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Missing or Excluded?

Dr Santhosh J & Benish Ali

Dalits, tribals, and people from other backward classes form the majority of the Indian population. However, their presence in government educational institutions and top government posts is extremely scarce. This has become rather a longtime trend in India. However, the successive governments claim otherwise, their own data proves the point and shows utter disregard for the upliftment of these sections.

Acquiring data on these sections is not an easy task. Parliament sessions and parliamentary committee reports provide an opportunity to get access to this data through questions asked by members of Parliament which reveal alarming statistics. Despite the show of ‘debate competition’ among ruling and opposition parties in the recently concluded 12th session of 17th Lok Sabha, such data was provided.

Dr. Subhash Sarkar, the Union Minister of State for Education, recently provided the data on teaching and non-teaching staff in 45 central universities, in response to a question by Lok Sabha member Dr. Sanjeev Kumar Singari. As per this data, out of the 13,098 teaching positions, only 1421 (11%) are occupied by members of Scheduled Castes, 625 (5%) by Scheduled Tribes members, and 1901 (14.5%) by people belonging to Other Backward Classes. From the total teaching staff, there are 1341 professors out of which merely 96 (7%) belong to Scheduled Castes, 22 (2%) to Scheduled Tribes and 60 (4.5%) to Other Backward Classes. Further, there are merely 231 (8%) SCs, 69 (2.5%) STs, and 187 (6.5%) OBCs out of the 2817 Associate Professors. At the Assistant Professor level, out of the total of 8940 Assistant Professors,1094 (12%) are SCs, 534 (6%) are STs and 1654 (18.5%) are OBCs. The percentage of representation drops further when it comes to the Vice-chancellor and Registrar posts. Out of the total 90 vice chancellor and registrar posts, SCs, STs, and OBCs put together occupy a dismal total of 14 (15.5%) posts. These figures are in stark contrast to the Central Educational Institutions (Reservation in Teacher’s Cadre) Act, 2019 which provides for 15% reservation for Scheduled Castes, 7.5% reservation for Scheduled Tribes, and 27% reservation for Other Backward Classes.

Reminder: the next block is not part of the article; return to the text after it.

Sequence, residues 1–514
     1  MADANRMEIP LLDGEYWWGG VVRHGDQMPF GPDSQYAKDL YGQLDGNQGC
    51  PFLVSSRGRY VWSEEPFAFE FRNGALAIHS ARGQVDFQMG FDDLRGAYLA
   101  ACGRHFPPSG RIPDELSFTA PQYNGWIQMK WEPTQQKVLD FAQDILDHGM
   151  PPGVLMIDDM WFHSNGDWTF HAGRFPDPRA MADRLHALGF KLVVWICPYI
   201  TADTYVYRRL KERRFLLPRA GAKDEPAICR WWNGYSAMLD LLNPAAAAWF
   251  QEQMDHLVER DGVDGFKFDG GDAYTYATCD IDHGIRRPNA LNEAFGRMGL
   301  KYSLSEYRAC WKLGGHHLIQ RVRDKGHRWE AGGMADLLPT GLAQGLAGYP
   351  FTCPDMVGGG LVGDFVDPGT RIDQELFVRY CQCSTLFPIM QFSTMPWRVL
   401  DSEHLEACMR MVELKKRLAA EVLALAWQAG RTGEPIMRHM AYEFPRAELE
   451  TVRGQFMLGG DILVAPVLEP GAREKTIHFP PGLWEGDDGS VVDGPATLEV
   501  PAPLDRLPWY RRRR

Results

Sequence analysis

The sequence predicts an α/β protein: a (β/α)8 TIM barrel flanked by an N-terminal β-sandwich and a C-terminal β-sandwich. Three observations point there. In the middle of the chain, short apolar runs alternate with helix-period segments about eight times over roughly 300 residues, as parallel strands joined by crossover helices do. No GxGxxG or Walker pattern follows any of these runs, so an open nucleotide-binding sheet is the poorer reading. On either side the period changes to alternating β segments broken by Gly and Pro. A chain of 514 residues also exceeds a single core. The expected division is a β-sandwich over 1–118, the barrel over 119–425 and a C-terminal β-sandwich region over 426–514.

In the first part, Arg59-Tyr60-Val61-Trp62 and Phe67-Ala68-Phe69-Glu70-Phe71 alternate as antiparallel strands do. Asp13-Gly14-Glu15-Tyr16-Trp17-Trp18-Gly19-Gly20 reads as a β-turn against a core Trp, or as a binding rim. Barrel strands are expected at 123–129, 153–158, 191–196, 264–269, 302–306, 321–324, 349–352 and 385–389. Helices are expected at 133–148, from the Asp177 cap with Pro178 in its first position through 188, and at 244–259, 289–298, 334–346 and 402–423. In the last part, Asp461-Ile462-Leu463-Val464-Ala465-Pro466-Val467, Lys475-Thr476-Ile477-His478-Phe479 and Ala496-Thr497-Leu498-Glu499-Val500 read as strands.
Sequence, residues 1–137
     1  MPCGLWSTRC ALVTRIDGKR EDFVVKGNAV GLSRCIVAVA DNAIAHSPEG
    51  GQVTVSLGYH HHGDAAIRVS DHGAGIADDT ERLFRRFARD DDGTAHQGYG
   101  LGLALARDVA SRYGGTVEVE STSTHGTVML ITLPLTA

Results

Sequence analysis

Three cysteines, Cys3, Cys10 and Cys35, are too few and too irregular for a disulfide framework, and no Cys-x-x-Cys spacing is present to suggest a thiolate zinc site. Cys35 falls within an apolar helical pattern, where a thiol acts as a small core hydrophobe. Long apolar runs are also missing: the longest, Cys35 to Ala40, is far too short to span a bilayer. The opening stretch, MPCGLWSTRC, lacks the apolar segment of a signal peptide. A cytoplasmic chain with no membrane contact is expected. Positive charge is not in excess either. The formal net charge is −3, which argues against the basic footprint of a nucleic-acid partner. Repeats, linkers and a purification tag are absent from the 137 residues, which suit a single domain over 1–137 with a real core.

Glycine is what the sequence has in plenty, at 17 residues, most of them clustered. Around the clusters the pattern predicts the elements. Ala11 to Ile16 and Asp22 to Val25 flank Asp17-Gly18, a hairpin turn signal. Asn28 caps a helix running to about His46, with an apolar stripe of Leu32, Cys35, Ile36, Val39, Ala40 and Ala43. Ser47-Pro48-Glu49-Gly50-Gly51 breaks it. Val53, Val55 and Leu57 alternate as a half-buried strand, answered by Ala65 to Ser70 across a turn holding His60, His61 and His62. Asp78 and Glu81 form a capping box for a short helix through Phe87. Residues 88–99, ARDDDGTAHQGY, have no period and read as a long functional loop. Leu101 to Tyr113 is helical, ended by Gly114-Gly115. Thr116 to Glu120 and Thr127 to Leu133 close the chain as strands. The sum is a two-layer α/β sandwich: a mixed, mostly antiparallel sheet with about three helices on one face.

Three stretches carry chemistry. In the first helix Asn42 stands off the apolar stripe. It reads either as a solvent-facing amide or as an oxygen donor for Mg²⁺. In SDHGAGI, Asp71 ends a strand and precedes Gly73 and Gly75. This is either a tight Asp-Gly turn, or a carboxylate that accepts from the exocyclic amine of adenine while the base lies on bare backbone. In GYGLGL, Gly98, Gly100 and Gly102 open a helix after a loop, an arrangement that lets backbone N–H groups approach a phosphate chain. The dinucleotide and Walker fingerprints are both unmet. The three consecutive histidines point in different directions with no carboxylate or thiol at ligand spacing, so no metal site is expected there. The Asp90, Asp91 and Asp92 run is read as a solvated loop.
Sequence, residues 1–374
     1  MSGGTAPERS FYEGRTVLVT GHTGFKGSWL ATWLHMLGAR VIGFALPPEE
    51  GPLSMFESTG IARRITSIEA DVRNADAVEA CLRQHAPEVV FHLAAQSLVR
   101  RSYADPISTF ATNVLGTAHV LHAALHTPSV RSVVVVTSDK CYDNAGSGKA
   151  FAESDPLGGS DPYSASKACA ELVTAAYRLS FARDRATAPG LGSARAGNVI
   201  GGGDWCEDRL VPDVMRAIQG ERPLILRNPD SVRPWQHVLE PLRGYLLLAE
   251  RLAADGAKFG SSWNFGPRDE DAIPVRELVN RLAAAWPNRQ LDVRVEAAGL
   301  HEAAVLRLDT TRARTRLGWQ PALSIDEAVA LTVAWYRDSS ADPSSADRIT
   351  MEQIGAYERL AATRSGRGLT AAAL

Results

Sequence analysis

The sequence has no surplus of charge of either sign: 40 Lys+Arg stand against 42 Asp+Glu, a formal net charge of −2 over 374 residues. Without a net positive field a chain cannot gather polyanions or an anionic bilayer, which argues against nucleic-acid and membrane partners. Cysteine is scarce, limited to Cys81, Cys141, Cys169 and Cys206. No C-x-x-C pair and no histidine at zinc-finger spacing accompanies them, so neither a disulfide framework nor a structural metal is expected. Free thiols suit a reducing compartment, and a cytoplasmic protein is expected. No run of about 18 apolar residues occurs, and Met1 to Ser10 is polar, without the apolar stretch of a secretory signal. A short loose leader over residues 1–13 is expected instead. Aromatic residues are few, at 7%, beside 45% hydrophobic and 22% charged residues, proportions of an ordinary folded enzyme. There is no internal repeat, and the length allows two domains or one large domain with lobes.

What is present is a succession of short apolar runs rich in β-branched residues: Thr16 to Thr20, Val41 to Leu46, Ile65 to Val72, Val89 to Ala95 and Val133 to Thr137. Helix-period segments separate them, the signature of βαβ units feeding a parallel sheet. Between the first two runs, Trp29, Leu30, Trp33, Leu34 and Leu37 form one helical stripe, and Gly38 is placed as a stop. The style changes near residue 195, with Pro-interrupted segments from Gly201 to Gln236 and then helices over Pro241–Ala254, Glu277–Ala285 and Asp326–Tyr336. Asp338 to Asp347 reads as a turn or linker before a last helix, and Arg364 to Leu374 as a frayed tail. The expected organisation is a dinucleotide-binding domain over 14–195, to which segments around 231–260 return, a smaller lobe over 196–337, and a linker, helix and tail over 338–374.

Despite the low acceptance rate of scholars from marginalized communities in central and technical universities and the other multiple challenges they face, members of these communities produce Doctor of Philosophy (PhDs) from various state and central universities. While the marginalized people remain systematically deprived of education, even the educated amongst them remain largely unemployed. According to 2019 data, the unemployment rates of graduates from SC, ST, and OBC surpass that of graduates from upper castes. Compared to the 10.5% upper caste, unemployed graduates, there are 18.7% SC, 14% ST and 15.7% OBC unemployed graduates. In spite of the presence of a sufficient number of qualified individuals, seats for teaching positions in central universities lie vacant. According to the data shared in Rajya Sabha by the Union Minister for Education, Dharmendra Pradhan, out of the total 7033 posts reserved for candidates belonging to SC, ST, and OBC categories in 45 central universities, a staggering 3007 (42.75%) posts, lie vacant. This situation prevails despite hundreds of Ph.D. holders from these categories competing for reserved posts. Moreover, in many of these institutions, permanent recruitment has been stalled for decades whereas ad-hoc or guest teaching posts have been filled.